Snarling poodle, by Albert Leung

Poodle and you

What is the Poodle vulnerability in SSL and what should you do about it?

Photo of Greg Harvey
Wed, 2014-10-15 14:04By greg

So the anticipated Poodle vulnerability broke today. But what's it all about?

SSL works with a number of different mechanisms. One of those is a creaky old thing called SSL 3.0. Most Internet browsers and web servers still support SSL 3.0, but researchers have just discovered a vulnerability in this one protocol, whereby if someone can insert a computer between the computer initiating an SSL connection to a server (e.g. a user logging into a website over HTTPS) and the server itself - at any hop in the chain - they can potentially eavesdrop on any information sent in that supposedly secure channel. That's called a Man In The Middle attack, or MITM for short, and the basic principles are described quite well on WikiPedia.

There are a load of ways people can instigate a MITM attack, for example you might be in a café using a shared wireless network and not realise someone else is pretending to be the Internet router, so all your traffic is channeling through their laptop before heading out to the wider world. It's surprisingly easy.

So assuming this is worrying enough and you don't want to simply accept the risk exists and ignore it, you'll want some kind of mitigation plan. The question is what are the paths avaliable for mitigation and which one should you take?

You could take the view you can deal with this just with policy and procedural change. For example, if you decide most traffic encrypted over SSL is non-critical, such as end user logins but users with no real power to break anything or carry out malicious activity, then you could alter procedure for users with elevated levels of access, insisting they only login for certain known networks, where a MITM attack would be practically impossible to mount, such as only using a physical cable and within the confines of your office network. Of course, you cannot enforce this (though you could be notified of breaches using realtime log inspection tools like OSSEC) but at least you can educate more privileged users and significantly reduce the risk of the possibility of the conditions existing in which a MITM attack could more easily be carried out. And you'll also be making the rather grand assumption no one is doing anything they shouldn't be doing in your internal networks (or you're well set up enough to know if they are and catch them).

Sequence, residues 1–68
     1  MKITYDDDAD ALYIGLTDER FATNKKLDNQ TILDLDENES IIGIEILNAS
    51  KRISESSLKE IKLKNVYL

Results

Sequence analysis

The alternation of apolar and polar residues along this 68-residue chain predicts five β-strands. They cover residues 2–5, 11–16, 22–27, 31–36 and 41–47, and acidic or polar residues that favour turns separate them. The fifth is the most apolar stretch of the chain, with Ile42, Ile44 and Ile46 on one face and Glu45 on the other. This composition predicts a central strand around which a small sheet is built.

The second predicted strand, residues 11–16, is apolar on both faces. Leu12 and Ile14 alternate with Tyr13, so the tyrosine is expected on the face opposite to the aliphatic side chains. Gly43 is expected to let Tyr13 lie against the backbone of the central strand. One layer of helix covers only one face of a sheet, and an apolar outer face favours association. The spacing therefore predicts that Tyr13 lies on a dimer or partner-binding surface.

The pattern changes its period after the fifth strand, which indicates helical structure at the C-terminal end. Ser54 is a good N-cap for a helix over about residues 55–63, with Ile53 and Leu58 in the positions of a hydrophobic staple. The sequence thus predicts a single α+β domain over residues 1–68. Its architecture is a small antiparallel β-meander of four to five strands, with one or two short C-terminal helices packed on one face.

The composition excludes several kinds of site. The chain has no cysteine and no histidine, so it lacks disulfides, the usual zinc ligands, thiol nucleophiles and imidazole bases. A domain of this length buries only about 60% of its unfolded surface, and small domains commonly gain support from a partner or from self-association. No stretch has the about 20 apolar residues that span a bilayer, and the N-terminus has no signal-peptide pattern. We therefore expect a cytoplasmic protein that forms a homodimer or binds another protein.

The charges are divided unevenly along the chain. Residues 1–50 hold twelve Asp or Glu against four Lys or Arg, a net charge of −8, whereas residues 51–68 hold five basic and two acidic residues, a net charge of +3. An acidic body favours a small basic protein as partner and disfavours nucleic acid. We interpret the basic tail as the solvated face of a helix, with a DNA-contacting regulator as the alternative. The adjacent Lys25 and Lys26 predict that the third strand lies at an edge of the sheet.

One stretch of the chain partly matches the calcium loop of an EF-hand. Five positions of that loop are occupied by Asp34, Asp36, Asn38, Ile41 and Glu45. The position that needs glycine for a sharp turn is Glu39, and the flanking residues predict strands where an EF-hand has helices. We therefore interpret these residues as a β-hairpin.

However, our preferred approach - the one we're recommending to our hosting customers, and indeed we do ourselves, hence our A+ rating at SSL Labs (hat tip to Miguel Jacq) - is to simply not accept SSL 3.0 connections any more. Happily, as I mentioned earlier, SSL provides several different methods for encrypting network traffic and SSL 3.0 is just one of them. You can just switch it off!

There is a but though. If you do that, you can no longer support Microsoft Internet Explorer 6, because it is simply too old to work with the more modern options. In most cases you shouldn't care. According to Microsoft themselves, IE6 is now (often significantly) less than 1% of the browser market in Europe and North America, as well as large swathes of the rest of the world. If you have many end users in China or Africa who use your site over HTTPS you might want to think on this though, as in some countries IE6 still hovers around 10%, sometimes higher.

We believe education is the way forward, all of these people in countries where IE6 usage is still high have the ability to download and use a free, secure alternative, such as Google Chrome. We prefer to tell people to stop using IE6 over perpetuating insecurity on the Internet, but that's our choice. You are perfectly entitled to disagree with us, of course.

In any case, we hope you found that article useful and it clarified your position with regard to this latest SSL vulnerability.

 

Image credit, by Albert Leung and released under the Creative Commons Attribution 2.0 Generic license, via Flickr.